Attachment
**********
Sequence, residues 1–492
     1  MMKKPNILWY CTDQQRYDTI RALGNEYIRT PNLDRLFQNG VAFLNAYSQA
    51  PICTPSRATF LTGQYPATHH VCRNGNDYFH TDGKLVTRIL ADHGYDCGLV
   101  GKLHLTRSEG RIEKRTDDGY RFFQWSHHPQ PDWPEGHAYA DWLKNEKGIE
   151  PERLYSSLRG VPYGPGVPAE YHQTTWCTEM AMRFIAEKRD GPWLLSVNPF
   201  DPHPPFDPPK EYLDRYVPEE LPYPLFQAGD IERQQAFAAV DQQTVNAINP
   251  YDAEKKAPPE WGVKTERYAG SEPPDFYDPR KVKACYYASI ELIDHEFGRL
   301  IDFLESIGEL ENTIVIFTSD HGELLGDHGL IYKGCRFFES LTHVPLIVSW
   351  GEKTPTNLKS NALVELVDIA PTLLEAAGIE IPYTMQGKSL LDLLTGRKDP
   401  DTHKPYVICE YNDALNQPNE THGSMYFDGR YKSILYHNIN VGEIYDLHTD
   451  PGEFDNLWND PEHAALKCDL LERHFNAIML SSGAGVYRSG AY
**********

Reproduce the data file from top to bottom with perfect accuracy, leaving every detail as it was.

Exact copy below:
Sequence, residues 1–492
     1  MMKKPNILWY CTDQQRYDTI RALGNEYIRT PNLDRLFQNG VAFLNAYSQA
    51  PICTPSRATF LTGQYPATHH VCRNGNDYFH TDGKLVTRIL ADHGYDCGLV
   101  GKLHLTRSEG RIEKRTDDGY RFFQWSHHPQ PDWPEGHAYA DWLKNEKGIE
   151  PERLYSSLRG VPYGPGVPAE YHQTTWCTEM AMRFIAEKRD GPWLLSVNPF
   201  DPHPPFDPPK EYLDRYVPEE LPYPLFQAGD IERQQAFAAV DQQTVNAINP
   251  YDAEKKAPPE WGVKTERYAG SEPPDFYDPR KVKACYYASI ELIDHEFGRL
   301  IDFLESIGEL ENTIVIFTSD HGELLGDHGL IYKGCRFFES LTHVPLIVSW
   351  GEKTPTNLKS NALVELVDIA PTLLEAAGIE IPYTMQGKSL LDLLTGRKDP
   401  DTHKPYVICE YNDALNQPNE THGSMYFDGR YKSILYHNIN VGEIYDLHTD
   451  PGEFDNLWND PEHAALKCDL LERHFNAIML SSGAGVYRSG AY